UK advertising’s non-profit education programme, Media Smart, has launched an awareness campaign for teachers, parents and young people to help them understand environmental claims in advertising and marketing.
The initiative takes the form of a simple five-point guide and short film, accompanied by a social media campaign, featuring a series of vox pop films from young people, to increase awareness of what constitutes greenwashing and support the work of the Advertising Standards Authority.
The campaign is in response to research showing 52% of teenagers are concerned about the lack of action on climate change, with 56% of them feeling anxious about the issue.
Media Smart worked with youth-centred creative business Livity to gather insights from focus groups of young people on how they perceive greenwashing, the areas they are most concerned about, as well as sharing their top tips to spot it. It highlighted how young people feel underprepared and disempowered to be able to find out the information on a company’s environmental practices.
The resulting five-point guide and short film can be shared in classrooms, assemblies or at home to raise awareness of the ASA and how it regulates environmental claims in ads. It offers advice such as interrogating ‘green’ symbols, being suspicious of buzzwords which are not backed up with evidence, and encouraging fact-checking a company’s claim.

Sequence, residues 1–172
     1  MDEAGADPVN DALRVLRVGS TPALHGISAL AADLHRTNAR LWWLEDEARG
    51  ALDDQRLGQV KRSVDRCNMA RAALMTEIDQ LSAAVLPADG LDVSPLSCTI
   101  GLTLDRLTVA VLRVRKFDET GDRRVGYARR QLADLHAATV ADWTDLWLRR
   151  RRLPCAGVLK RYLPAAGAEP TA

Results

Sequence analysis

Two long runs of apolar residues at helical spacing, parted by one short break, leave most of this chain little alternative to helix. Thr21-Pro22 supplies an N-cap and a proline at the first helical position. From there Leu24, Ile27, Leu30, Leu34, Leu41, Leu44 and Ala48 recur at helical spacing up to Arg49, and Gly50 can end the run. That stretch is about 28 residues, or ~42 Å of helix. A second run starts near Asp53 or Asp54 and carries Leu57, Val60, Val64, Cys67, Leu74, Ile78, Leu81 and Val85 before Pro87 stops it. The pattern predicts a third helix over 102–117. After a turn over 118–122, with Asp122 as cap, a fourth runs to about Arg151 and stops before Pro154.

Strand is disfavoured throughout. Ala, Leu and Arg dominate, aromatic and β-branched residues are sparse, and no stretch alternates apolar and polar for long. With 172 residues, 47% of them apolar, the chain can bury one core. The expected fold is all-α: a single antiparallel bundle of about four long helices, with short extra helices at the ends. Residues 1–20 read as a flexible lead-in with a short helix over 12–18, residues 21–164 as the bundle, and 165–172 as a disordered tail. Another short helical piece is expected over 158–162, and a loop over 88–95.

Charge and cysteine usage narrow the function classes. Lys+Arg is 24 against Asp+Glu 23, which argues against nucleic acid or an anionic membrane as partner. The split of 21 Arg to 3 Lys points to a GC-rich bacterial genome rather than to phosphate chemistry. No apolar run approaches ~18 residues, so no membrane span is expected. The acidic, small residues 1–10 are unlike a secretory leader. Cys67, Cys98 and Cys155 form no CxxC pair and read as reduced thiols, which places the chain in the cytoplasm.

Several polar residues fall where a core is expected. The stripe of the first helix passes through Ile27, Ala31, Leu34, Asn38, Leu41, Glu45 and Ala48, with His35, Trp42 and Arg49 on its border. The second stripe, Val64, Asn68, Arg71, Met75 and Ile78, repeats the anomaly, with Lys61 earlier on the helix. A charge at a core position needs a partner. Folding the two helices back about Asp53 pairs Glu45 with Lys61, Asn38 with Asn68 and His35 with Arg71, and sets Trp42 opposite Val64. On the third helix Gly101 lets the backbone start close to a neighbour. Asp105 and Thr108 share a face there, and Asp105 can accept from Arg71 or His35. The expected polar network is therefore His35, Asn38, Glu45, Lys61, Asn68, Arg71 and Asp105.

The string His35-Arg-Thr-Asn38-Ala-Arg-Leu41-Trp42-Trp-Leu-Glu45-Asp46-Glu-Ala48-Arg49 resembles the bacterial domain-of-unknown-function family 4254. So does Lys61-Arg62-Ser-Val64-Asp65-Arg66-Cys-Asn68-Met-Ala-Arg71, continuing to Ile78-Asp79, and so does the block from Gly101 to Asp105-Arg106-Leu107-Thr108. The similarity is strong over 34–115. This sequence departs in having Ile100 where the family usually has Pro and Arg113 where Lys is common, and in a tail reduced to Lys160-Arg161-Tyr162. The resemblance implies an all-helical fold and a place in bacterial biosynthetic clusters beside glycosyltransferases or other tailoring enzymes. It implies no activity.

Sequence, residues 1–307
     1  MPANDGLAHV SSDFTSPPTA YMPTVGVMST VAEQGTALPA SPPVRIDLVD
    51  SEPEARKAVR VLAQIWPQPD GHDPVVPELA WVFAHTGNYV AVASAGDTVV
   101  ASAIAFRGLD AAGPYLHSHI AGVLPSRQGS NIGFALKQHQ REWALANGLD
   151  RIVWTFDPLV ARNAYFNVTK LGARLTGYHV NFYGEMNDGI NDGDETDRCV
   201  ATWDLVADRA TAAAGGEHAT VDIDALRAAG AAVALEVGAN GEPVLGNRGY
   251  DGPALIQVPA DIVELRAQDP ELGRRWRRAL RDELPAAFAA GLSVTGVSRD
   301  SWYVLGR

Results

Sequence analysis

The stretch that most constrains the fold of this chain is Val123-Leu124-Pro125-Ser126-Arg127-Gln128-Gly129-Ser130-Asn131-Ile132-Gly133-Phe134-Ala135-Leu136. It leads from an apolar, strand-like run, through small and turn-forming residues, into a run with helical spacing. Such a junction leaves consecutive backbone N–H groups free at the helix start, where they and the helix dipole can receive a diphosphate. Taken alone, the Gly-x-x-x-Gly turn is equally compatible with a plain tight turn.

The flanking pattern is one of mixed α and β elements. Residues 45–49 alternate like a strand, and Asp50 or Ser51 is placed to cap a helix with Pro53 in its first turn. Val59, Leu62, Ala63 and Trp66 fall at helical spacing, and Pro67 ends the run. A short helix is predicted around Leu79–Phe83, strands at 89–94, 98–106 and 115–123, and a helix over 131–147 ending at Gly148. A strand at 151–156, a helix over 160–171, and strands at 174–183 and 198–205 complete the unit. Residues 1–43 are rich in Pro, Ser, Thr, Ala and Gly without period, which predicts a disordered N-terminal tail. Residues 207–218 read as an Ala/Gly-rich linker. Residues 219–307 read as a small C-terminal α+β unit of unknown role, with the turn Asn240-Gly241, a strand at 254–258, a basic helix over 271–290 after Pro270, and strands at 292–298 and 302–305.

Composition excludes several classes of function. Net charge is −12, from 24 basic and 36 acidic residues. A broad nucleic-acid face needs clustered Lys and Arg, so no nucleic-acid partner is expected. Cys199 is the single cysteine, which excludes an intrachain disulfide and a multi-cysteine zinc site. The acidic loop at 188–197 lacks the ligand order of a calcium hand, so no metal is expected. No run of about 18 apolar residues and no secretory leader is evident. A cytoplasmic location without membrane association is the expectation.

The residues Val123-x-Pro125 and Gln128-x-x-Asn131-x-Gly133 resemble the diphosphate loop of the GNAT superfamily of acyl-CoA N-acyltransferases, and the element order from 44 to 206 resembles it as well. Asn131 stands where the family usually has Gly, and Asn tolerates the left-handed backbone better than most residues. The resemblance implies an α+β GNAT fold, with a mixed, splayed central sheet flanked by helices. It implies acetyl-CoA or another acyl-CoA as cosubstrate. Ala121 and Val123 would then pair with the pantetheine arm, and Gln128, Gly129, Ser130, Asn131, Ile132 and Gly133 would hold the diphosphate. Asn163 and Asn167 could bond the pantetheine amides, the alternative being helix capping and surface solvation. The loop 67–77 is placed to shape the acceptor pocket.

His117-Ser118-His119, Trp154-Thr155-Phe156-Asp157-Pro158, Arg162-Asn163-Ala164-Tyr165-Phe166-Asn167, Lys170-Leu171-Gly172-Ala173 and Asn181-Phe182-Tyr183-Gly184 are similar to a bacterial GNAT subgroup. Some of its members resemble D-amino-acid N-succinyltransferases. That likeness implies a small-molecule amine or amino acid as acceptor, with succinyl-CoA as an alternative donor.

An accompanying social media campaign will be rolled out on Media Smart’s social media channels via Facebook, Instagram, TikTok and LinkedIn during March and April, reaching young people, teachers and parents directly with the key messaging.
Media Smart chair Dan Clays, who is chief executive of OMG UK, said: “Raising awareness of how to spot misleading green claims in advertising and marketing is an incredibly important conversation for Media Smart to initiate and builds upon the vital work done by the ASA.
“Insights from Media Smart’s conversations with young people show they feel a burden to undertake fact-checking when making their purchases. This campaign is built using direct insights from young people for young people to highlight and fill in the gaps in their knowledge about greenwashing and what they expect from brands in this space.”
Advertising Association chief executive Stephen Woodford added: “This is a fantastic new resource to help young people understand how advertising and marketing claims are regulated when it comes to making accurate environmental claims. It is important we do everything we can to make sure our work to promote sustainable products, services and behaviours can be trusted.”
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